Home > Implicit cognition > How do you fake a personality test? An investigation of cognitive models of impression-managed responding

How do you fake a personality test? An investigation of cognitive models of impression-managed responding

How do you fake a personality test? An investigation of cognitive models of impression-managed responding

Publication year: 2011
Source: Organizational Behavior and Human Decision Processes, In Press, Corrected Proof, Available online 28 June 2011
Mindy K., Shoss , Michael J, Strube

Because faking poses a threat to the validity of personality measures, research has focused on ways of detecting faking, including the use of response times. However, the applicability and validity of these approaches are dependent upon the actual cognitive process underlying faking. This study tested three competing cognitive models in order to identify the process underlying faking and to determine whether response time patterns are a viable method of detecting faking. Specifically, we used a within-subjects manipulation of instructions (respond honestly, make a good impression, make a specific impression) to examine whether the distribution of response times across response scale…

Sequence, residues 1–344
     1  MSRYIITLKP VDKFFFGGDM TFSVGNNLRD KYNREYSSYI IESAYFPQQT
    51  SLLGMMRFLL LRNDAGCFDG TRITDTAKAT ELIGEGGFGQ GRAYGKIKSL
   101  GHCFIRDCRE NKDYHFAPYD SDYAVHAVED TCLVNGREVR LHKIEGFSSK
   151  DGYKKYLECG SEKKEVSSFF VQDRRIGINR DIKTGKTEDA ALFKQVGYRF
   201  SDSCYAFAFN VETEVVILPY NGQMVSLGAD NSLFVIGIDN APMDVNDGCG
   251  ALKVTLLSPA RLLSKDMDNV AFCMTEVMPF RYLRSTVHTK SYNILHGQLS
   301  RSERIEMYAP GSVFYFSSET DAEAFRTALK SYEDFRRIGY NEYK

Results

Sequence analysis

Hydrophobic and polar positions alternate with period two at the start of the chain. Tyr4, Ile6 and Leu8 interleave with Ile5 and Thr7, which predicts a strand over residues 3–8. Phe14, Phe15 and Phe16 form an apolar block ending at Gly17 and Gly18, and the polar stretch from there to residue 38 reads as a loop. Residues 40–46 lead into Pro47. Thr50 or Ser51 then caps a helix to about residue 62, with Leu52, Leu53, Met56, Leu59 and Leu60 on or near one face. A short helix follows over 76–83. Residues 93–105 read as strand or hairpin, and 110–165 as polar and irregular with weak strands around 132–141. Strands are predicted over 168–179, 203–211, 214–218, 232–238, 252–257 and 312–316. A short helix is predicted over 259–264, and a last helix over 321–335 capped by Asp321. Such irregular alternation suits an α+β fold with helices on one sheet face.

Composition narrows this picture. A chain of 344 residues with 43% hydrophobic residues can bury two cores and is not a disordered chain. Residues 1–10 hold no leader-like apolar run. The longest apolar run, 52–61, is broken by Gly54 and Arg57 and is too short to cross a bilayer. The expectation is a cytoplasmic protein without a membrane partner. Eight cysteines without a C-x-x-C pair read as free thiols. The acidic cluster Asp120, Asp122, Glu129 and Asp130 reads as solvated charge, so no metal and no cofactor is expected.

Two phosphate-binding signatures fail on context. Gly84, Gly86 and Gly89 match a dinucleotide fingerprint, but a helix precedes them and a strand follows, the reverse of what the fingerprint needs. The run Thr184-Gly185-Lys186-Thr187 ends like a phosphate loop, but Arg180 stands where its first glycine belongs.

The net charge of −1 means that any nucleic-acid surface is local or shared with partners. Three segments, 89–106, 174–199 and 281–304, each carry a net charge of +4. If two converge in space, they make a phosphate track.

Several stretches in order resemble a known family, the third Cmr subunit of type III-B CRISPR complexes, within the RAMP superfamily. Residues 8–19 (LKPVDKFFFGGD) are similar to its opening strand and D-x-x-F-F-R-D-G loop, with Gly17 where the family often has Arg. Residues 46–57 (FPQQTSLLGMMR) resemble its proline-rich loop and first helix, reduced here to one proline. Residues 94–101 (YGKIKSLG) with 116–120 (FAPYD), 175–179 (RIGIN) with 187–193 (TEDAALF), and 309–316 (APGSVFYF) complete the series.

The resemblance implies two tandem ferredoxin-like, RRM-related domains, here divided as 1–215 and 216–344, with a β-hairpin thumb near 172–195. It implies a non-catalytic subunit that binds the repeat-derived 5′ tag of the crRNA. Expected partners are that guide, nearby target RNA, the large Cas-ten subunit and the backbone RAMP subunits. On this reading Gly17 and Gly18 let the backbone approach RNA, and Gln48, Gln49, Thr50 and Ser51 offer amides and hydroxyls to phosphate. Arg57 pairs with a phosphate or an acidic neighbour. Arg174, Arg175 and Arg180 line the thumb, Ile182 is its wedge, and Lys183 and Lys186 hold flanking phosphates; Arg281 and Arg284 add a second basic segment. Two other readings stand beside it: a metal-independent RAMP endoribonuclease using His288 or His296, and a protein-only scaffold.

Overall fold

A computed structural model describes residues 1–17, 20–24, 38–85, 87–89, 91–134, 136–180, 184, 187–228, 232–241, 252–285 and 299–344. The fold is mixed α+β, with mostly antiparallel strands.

Highlights: ► We tested three competing cognitive models of faking. ► The models make different predictions for response times across response scale options. ► We used a within-subjects manipulation to compare response time patterns for faking and honest responding. ► Individuals appear to reference a schema of an ideal respondent when faking. ► Response time patterns such as the well-known inverted-U cannot be used to identify faking.

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Categories: Implicit cognition
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